Seed money for the construction of Los Angeles' first house of worship in the Old Plaza literally sprung from the "vineyards of the Lord."
It took seven barrels of brandy donated by the Franciscan Order to get the project off the ground in 1814, but soon after the cornerstone was laid, the brandy ran out and the work stopped.
The following year, Los Angeles had its worst flood in the annals of the time, and torrential rains overflowed the Los Angeles River, wrecking everything in its path--most of the adobe, the entire Indian village of Yang-na near 1st Street and the partially built church.
Considered unsafe on the low ground, the church site was moved to its present location and construction resumed in 1818 with considerably more brandy being sold in the name of spiritual advancement.
By then the pobladores (city builders) were getting restless and the townspeople were encouraged to seek additional donations of 500 head of cattle to help finance the project.
A less-than-honorable governor, however, confiscated the cattle, agreeing to include the building of the church in his next year's budget. His promise was never fulfilled and construction ceased.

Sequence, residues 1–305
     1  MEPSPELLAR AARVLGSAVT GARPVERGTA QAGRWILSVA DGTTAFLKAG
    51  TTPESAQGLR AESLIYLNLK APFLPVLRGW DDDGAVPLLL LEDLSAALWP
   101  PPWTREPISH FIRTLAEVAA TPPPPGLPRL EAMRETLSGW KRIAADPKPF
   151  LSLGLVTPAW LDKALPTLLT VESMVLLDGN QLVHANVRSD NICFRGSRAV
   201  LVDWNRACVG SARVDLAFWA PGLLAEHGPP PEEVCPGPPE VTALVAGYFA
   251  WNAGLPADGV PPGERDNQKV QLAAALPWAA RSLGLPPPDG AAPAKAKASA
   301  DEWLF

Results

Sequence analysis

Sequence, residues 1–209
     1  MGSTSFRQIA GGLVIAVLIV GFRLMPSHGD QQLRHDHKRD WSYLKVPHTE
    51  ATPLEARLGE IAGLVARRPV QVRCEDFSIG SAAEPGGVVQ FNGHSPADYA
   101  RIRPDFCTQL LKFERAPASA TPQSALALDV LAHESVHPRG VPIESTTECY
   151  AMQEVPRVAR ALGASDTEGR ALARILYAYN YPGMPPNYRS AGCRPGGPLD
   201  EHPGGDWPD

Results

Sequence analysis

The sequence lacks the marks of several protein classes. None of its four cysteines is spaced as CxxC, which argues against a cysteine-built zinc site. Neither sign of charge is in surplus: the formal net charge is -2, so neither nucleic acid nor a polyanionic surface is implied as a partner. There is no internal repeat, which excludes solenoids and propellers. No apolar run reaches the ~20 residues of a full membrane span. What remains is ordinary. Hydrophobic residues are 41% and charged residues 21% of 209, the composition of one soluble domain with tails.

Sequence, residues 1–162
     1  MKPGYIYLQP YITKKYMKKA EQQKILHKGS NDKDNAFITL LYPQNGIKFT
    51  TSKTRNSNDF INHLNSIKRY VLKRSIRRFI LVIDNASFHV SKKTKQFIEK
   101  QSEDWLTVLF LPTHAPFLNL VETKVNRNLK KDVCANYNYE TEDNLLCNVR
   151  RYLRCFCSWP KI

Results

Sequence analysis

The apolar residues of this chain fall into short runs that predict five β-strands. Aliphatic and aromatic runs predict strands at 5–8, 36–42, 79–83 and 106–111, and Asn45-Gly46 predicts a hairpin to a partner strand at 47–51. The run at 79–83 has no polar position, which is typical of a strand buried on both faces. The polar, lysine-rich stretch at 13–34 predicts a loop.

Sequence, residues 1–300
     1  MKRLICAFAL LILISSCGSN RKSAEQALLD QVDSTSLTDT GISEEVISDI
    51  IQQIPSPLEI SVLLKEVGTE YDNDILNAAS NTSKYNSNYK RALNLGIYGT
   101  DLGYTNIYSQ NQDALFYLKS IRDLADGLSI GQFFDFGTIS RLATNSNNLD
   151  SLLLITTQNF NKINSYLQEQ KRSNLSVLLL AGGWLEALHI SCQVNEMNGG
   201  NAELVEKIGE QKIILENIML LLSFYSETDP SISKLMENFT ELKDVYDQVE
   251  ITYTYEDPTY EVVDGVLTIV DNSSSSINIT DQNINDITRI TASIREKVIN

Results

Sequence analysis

Once again the good padres of Mission San Gabriel were summoned to the rescue. They donated seven more barrels of brandy valued at $575, and pious Angelenos rose to the occasion with raised glasses.
One account of the day reported that "conversion of the brandy into cash, drink by drink, was accomplished with the enthusiastic cooperation of the citizens."
Finally in 1822, after "immense quantities of brandy had been consumed," the report read, the new church was dedicated as Nuestra Senora La Reina de Los Angeles Church.
In 1830, a 50-pound bell was added as penance imposed on Capt. Henry Fitch for scandalizing (and delighting!) Californios by his elopement with the daughter of a wealthy San Diegan.
In hindsight, the pobladores left us with at least one constructive thought: It is far wiser to have some liquid assets on hand than none at all.